Indian hackers-for-hire are helping litigators around the world turn their lawsuits around by hacking into the opposition and revealing information, quickly becoming an indispensable asset to anyone looking to cut corners.
An investigation by Reuters revealed a unique database of more than 80,000 emails sent by Indian hackers to 13,000 targets around the world between 2013 to 2020. The data comes from two email providers the hackers used to send their target emails. Since 2013, Reuters found 35 legal cases in which Indian hackers attempted to obtain documents or other incriminating evidence from one party by sending out phishing emails.
While people involved in a lawsuit were usual targets, their lawyers were often hit as well, with Reuters finding evidence of Indian hackers attempting to break into around 1000 lawyers at 108 law firms. Overall, at least 75 US and European companies, 36 advocacy and media groups several Western business executives were the targets of these hacking campaigns.
India’s growing hacker market
The email database received by Reuters was independently authenticated by six sets of experts, including Syclla Intel and researchers from BAE, Mandiant, LinkedIn, Microsoft and Google.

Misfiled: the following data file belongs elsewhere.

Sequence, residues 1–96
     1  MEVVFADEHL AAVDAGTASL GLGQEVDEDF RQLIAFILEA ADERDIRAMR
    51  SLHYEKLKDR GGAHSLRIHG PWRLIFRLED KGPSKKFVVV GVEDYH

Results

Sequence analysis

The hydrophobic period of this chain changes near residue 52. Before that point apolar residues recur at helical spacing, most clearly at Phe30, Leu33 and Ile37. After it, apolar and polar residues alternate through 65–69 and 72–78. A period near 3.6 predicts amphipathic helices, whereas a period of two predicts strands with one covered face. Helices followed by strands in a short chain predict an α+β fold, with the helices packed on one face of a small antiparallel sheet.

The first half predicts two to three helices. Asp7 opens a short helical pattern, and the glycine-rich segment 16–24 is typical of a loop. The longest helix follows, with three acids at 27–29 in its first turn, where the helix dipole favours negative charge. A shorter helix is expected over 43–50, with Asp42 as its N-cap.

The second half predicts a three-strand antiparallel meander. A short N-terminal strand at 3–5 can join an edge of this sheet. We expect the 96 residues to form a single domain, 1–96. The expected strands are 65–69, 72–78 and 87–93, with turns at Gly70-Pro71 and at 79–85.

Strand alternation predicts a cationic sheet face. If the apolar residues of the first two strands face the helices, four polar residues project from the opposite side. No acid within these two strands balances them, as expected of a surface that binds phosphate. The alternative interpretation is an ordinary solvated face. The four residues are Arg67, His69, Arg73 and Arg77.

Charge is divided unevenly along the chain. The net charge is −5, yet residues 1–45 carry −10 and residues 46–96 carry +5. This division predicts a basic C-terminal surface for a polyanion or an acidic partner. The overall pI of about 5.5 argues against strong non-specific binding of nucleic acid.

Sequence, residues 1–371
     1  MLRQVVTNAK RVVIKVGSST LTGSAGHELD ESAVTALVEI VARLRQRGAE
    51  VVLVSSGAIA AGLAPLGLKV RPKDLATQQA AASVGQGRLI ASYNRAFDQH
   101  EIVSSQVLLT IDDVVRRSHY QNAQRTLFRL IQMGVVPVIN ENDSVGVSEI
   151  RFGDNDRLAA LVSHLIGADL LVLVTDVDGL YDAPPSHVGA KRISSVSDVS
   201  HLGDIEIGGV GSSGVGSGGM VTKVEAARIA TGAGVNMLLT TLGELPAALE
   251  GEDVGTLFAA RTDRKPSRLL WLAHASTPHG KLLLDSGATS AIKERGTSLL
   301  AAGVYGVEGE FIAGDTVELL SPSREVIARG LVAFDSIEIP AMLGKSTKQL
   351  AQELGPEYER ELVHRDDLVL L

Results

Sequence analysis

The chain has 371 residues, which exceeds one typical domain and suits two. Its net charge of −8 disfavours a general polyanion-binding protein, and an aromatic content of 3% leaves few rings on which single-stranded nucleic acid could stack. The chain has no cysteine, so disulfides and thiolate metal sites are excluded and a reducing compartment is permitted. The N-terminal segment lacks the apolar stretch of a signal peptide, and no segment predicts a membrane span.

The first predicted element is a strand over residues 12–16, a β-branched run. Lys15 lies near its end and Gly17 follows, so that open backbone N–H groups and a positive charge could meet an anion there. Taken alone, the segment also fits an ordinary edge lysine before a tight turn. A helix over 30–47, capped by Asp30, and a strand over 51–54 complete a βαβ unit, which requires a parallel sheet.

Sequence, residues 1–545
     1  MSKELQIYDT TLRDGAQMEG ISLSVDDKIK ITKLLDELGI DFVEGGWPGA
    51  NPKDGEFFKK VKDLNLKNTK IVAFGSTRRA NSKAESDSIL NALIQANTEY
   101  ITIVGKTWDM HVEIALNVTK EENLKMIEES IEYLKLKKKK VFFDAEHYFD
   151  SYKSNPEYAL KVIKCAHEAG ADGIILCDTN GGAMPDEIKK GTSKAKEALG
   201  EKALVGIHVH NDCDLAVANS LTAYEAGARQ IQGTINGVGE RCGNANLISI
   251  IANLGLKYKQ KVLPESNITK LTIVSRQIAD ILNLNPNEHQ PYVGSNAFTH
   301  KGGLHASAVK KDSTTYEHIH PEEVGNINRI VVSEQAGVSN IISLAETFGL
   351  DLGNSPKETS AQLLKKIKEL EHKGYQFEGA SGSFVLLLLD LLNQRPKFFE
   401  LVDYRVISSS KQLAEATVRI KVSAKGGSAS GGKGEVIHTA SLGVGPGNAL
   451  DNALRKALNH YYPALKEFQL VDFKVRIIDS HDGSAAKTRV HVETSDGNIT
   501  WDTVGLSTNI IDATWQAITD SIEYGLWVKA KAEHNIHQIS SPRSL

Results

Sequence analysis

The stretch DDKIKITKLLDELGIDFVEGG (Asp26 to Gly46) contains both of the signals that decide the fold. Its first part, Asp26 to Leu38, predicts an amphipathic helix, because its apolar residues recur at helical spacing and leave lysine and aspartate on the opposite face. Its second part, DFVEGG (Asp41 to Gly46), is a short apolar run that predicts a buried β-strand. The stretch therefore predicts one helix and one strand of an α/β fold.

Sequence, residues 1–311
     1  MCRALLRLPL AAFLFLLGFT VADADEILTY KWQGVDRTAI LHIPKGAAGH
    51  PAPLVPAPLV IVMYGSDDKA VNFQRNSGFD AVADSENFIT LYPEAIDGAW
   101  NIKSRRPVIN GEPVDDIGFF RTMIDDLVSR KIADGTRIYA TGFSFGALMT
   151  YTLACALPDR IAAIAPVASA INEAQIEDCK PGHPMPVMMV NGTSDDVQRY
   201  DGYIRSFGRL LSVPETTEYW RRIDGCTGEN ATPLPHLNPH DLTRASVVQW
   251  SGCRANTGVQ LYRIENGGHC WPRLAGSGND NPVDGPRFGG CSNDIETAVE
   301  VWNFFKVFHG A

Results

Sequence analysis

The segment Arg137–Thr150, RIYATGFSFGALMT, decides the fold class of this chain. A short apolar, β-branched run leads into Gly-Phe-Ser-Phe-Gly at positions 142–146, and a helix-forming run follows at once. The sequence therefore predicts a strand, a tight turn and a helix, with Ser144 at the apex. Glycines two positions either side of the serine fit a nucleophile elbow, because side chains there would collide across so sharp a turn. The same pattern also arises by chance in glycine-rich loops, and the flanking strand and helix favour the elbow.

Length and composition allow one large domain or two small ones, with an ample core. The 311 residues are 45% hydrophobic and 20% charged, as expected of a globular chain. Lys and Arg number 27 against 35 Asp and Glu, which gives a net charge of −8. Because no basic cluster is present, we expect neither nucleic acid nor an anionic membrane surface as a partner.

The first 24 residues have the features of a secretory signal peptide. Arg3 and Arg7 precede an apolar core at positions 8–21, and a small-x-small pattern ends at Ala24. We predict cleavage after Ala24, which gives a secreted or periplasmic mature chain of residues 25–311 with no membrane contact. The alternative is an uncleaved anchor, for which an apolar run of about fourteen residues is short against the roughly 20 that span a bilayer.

Google’s Threat Analysis Group (TAG) has also been eyeing Indian hack-for-hire operations since 2012 and has provided a list of domains used by these groups.
The investigation hinges on Sumit Gupta and his company BellTroX which has been previously reported to be involved in hack-for-hire operations. Gupta himself has been charged with hacking in a California criminal case but has never been apprehended by US authorities.
Closer analysis from teams at Mandiant, Google and Linkedin reveals two more companies apart from BellTroX in the space, namely Appin and CyberRoot; Gupta himself used to be an Appin employee. According to court records and cybersecurity researchers, the three companies have shared infrastructure and staff.
According to the Mandiant, Google and LinkedIn teams that reviewed the database, there’s evidence of a mix of hacking activity linked to the three companies between 2013 and 2020.
Appin has disappeared from the internet following a 2013 cybersecurity report that linked it to alleged hacking. As for BellTroX and CyberRoot, both companies have no trace of existence at their listed addresses.
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